This week, I chose to combine two countries that are neighbors and have many things in common, including their cuisine. Equatorial Guinea is a small country on the west coast of Africa. Her territory includes a mainland area called Rio Muni and five islands including Bioko, where the capital, Malabo, is located. Her neighbors are Cameroon to the north and Gabon to the south and east. It is a mystery why she is named Equatorial Guinea, as the equator does not go through the country at all. Guinea is the geographical name of the gulf that surrounds her coastline and islands. Gabon, on the other hand, is home to the equator. Gabon’s eastern border lies on the Atlantic. Her neighbors are, of course. Equatorial Guinea but also Cameroon to the north and the Congo to the west and east. Gabon was named “Gabao’ which means “hooded cloak,” because that is what Portuguese explorers thought the River Como Estuary resembled. The capital city in Gabon is Libreville, “Freetown,” founded in 1849 by freed slaves, which became the capital city in 1993.
Both countries were first inhabited by the Pygmies, then by the Bantu tribes, followed by the Portuguese, who settled there in the 15th century. The Fang tribes arrived later and today make up the largest ethnic group in both countries. The coast grew into a major center for the slave trade, bringing Dutch, English, French and Spanish traders to the region. In the 1800s, it was the French that occupied Gabon and she was one of four territories that made up French Equatorial Africa. The Spanish occupied Equatorial Guinea and it was part of what was known as Spanish Guinea. The island Bioko, was one of Spain’s most profitable territories in Africa, thanks to the cocoa plantations there. Today the Bubi, descendants of the Bantu, the other main ethnic group in Equatorial Guinea, live on the island. Equatorial Guinea gained independence in 1968 and Rio Muni and Bioki were officially united as Equatorial Guinea. Gabon gained independence from France in 1960.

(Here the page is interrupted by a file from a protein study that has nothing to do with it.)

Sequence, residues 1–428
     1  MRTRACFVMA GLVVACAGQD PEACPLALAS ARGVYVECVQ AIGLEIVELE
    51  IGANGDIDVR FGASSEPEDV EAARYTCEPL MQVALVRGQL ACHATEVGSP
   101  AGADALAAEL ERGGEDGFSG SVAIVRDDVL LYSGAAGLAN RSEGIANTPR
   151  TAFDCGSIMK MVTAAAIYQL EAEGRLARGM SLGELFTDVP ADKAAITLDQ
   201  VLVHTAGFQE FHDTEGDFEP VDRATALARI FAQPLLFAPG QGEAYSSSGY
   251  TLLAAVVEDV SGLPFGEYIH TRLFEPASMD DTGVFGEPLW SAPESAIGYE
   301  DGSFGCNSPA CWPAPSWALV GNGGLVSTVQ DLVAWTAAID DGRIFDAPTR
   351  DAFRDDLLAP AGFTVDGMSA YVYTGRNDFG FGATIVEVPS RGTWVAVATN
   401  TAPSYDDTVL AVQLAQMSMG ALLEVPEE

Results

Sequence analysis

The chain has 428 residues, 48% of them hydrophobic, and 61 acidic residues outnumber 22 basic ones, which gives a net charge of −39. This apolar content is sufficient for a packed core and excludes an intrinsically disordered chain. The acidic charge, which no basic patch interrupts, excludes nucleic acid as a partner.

The official languages of Equatorial Guinea are both French and Spanish, although neither are spoken by most of the population. Instead, they speak their tribal languages of Fang or Bubi, although some Pidgin English and Creole are spoken, especially on the islands. In Gabon, the official language is French and it is widely spoken there, along with several different tribal languages.
In Equatorial Guinea, the Ministry of Justice and Religion must approve a religious organization before they are allowed to practice. Despite the fact that the government is wary of the Catholic Church, (for its history of criticizing human rights violations,) 80 percent of the population is Roman Catholic, which is also part of public education system. The indigenous beliefs are animist; the belief that natural objects, natural phenomena, and the universe itself possess souls. There is also a small minority of Muslims.
The government declares itself a multiparty democracy, although it really is run as a dictatorship, for all practical purposes. The current president, Teodoro Obiag Nguema Mbasogo, has been in power since 1979 when he ousted his uncle in a bloody, military coup. The country has emerged as one of Africa’s largest oil producers and is currently listed as the wealthiest per capita country in Africa. Unfortunately, the wealth has remained in the hands of a privileged few, who surround the president and the majority of people live in poverty. The president is said to lead by instilling fear in the people. In October of 2014, the son of President Mbasogo, settled a corruption case in the United States. He agreed to sell 30 million dollars’ worth of property, mansions, artwork, Ferraris, etc., which was half the amount sought in the case. He did not, however, have to relinquish the white, crystal glove that belonged to Michael Jackson, as it was not considered “in country.” Evidently the USA kept 10.3 million and gave the rest to a charity to benefit the people of Equatorial Guinea. This country remains on the human rights watch list for corruption, poverty and repression; it is considered the worst of the worst for human rights.